This is how it works

To try Load Impact first hand, just visit the tool’s homepage and enter your website’s URL in the box given for it. Then click on “Run free test”. After a couple of seconds you’ll be directed to a page where you’ll be able to see real-time results being updated on various graphs. The results will be shown for 25 simulated users across the world and the test will run for approximately 5 minutes. These values are for a trail account. To simulate more users and run the test for longer duration you’ll need to register.

There isn’t much you can do while the tests are running, so we waited. About halfway through the test, a pop-up appeared prompting us to check the URL tab and look for any failures or unexpected behavior. It also said that if we did find any failures we should register and run the tests again with more users, say 100, and probably use Load Impact’s Chrome extension. As it was clear that that was a selling strategy, we closed the pop-up and let the tests complete.

Once finished, in addition to the test scenario description we could see the places the users were simulated from, a graphical representation comparing the load time for each added user, and a results pane that had 4 tabs with several sub-sections:

  • Metrics – bandwidth, requests per second, accumulated load time, content type load time, and TCP connections active (to access any of these we’d have to register for a free account)
  • URLs – a list of all URLs of your web-pages that were tested, their response statuses, how much time each took to load in seconds, etc
  • Pages – tested pages from your website
  • Logs

Additionally, towards the right hand side there were 4 options to help us out with different tasks:

  • Knowledge Base (Help Center)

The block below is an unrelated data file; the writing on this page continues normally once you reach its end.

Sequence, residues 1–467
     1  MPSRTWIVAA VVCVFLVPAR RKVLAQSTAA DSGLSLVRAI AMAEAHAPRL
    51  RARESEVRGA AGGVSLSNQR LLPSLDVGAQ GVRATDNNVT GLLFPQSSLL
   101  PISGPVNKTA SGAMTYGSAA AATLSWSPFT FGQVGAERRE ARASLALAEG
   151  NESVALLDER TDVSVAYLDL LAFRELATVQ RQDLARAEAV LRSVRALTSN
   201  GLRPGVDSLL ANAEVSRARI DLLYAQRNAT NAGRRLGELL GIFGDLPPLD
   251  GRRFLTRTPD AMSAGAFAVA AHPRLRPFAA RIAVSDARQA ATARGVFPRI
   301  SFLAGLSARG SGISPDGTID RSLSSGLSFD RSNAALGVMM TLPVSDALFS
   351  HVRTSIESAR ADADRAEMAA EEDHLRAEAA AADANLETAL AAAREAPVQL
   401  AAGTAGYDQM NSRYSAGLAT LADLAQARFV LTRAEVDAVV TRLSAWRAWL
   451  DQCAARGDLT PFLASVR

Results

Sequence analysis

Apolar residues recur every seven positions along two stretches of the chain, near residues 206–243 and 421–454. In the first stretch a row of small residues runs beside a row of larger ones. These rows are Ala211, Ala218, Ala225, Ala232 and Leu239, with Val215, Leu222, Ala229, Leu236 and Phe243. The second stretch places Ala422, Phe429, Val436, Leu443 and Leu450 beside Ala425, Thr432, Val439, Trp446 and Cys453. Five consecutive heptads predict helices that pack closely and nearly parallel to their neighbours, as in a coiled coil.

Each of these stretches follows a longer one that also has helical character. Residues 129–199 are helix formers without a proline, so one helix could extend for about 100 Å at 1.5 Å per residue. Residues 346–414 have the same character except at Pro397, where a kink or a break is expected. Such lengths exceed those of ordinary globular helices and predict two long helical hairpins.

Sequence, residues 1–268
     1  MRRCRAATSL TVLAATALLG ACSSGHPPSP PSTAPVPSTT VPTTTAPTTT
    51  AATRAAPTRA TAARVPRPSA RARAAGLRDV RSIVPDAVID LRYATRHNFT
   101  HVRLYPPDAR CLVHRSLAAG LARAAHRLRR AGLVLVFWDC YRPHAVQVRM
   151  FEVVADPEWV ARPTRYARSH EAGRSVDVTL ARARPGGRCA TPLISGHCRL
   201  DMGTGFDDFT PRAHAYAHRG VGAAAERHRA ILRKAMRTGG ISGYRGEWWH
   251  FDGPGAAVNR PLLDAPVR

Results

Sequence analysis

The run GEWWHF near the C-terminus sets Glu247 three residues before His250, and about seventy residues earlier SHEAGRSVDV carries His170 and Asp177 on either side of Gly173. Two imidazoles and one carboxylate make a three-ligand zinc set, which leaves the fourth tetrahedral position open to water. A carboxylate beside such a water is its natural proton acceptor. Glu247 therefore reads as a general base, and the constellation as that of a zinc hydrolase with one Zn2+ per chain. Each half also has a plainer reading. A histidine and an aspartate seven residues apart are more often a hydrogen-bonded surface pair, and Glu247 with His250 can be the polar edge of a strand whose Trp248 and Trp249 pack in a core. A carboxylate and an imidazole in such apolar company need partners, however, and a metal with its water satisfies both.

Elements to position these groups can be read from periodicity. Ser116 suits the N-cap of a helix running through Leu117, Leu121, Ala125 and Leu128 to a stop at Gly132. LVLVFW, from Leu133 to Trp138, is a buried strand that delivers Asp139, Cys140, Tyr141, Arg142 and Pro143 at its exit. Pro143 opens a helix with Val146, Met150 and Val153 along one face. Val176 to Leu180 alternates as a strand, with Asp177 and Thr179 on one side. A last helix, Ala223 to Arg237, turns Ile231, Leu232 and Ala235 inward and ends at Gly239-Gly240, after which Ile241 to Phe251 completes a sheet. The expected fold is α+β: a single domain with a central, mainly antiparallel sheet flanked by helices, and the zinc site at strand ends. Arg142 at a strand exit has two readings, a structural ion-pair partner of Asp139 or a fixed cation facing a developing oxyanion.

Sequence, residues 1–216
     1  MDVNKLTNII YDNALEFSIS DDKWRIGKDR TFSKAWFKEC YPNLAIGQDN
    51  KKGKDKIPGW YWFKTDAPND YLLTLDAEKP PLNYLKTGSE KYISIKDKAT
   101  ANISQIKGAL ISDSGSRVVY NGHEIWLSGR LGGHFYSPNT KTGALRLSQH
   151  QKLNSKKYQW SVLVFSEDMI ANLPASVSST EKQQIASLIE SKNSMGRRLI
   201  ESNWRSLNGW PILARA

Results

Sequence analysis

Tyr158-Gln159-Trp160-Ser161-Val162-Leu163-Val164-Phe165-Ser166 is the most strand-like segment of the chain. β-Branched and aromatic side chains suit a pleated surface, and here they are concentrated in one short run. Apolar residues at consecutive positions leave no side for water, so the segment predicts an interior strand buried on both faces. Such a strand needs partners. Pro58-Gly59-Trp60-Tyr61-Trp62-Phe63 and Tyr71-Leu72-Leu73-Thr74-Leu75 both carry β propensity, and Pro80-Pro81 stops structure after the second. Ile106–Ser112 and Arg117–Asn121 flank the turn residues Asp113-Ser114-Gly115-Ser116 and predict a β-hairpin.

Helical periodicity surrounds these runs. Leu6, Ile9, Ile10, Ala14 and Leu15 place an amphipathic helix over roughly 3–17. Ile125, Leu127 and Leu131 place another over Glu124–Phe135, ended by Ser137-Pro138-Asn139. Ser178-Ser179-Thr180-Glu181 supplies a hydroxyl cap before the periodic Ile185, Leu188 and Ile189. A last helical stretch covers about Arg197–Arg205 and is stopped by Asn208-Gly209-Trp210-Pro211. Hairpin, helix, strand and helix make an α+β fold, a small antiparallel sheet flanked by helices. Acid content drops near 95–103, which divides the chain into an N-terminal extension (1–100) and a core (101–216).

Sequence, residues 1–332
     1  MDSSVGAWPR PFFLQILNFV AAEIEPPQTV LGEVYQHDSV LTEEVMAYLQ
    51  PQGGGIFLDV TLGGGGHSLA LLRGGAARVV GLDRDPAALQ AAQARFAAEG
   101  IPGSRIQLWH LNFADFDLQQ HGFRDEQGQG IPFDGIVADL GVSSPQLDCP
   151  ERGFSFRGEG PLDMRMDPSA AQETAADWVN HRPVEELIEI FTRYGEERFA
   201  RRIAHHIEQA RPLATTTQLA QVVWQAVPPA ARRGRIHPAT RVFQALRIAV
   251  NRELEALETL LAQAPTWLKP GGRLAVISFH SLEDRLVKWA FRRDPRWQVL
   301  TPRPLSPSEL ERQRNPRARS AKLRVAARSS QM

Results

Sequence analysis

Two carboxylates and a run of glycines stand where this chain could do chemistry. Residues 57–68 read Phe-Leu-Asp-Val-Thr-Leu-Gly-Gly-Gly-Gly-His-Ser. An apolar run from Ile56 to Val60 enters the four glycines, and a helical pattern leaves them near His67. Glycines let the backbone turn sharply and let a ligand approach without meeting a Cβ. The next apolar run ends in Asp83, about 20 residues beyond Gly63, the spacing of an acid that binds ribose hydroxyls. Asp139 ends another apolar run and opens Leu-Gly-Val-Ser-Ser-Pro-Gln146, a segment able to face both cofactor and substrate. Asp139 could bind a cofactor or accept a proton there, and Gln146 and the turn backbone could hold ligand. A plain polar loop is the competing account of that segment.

• Load Script API (Lua Modules)
  • System Status
  • Questions section

Since we’d had a pretty decent idea about how the tool worked, we decided to not create any free account for the time being. However, we did later find out that signing up required no credit card details, was easy, and would give us the opportunity to test our website load with 100 virtual users, 2500 requests per second, and 5 tests per month. Not bad at all.

Evaluating Load Impact

The pros of the tool included:

  • A great platform to test any website’s load handling capacity
  • Cloud based, simulated users from across the globe
  • Integration support with multiple tools
  • Testing websites, web-apps, APIs and mobile apps possible

Whereas the downsides included:

  • Slight learning curve to understand the jargons used
  • Steep price slabs if someone needed to sign up
  • What load can your website handle? Find out with @loadimpact loadimpact.com/ via @supermonitoring

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Final Word

Overall, Load Impact does prove to be a good performance testing platform, but not for novice users. There are a lot of people out there with blogs or personal websites, and not all of them understand the terms and technicalities of such tests. For them, the tool could be a waste of time. But for the ones that do realize its worth, it could be just what they need.